Attached to the Jewish town hall and housing the Jewish museum’s collection of silver, Torah pointers and ceremonial crowns is the High Synagogue. So named for its’ location on the second floor. The lower chamber houses a kosher restaurant. Mordecai Maisel founded the synagogue. The current building is a reconstruction and dates from 1892.
The name of the High Synagogue located in close vicinity of the Jewish Town Hall to which it pertained by its function is associated with the fact that the house of prayer was not placed on the ground floor but on the first floor of the building. Originally, it was accessible only from the first floor of the Town Hall and served for assemblies of the seniors of the ghetto and the religious community and perhaps also for the sessions of the rabbi court. It was not until the adaptations at the turn of the century that the entrance from the Town Hall was bricked, and then a new entrance was made from Cervena Lane. According to written testimony in the Chronicle by David Gans, the synagogue was contracted by the later head of the Jewish Town Mordecai Maisel to the architect Pancratius Roder.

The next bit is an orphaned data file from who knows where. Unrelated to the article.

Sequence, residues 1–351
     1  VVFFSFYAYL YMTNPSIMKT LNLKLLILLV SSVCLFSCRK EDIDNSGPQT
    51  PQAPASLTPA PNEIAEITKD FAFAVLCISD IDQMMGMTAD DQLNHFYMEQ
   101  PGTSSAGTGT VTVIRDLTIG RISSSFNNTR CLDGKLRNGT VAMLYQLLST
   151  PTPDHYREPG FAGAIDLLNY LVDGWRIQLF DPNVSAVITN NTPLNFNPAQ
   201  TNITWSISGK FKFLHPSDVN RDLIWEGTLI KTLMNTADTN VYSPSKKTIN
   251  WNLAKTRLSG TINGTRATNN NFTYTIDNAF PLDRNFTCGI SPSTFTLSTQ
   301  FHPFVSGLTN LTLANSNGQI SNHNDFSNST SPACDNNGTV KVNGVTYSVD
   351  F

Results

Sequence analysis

The space of the High Synagogue has a Renaissance vault. The ground floor rooms have Renaissance vaults too. After the great fire in 1689, the synagogue was repaired in the early 1690s by the architect Pavel Ignac Bayer. Also, the women’s gallery was constructed under his leadership. After another fire in 1754, only the burnt-out trusses of the roof were repaired. The tabernacle was adapted in 1691 in the spirit of the contemporary Baroque altar architecture. During the sanitary clearance period in the early 20th century, the synagogue was incorporated into a block of new buildings. The east front was covered. The whole synagogue was overtopped by the construction of the huge towery corner house in Panzska street designed by the architects Richard Klenka of Vlastimil and Frantisek Weyr, which is often considered by the general public to be a part of the High Synagogue. Hence, only the north front of the building over Cervena Street remained open. We can take a picture of the appearance of the High Synagogue, especially its east front, due to Langweil’s model of Prague. Other adaptations of the synagogue took place in the 1960s and 1970s. Since 1950 the synagogue has been a part of the museum, and in 1982 a permanent exhibition of the synagogue textiles from the Jewish Museum collections was installed here.
In Czech: Vysoká synagoga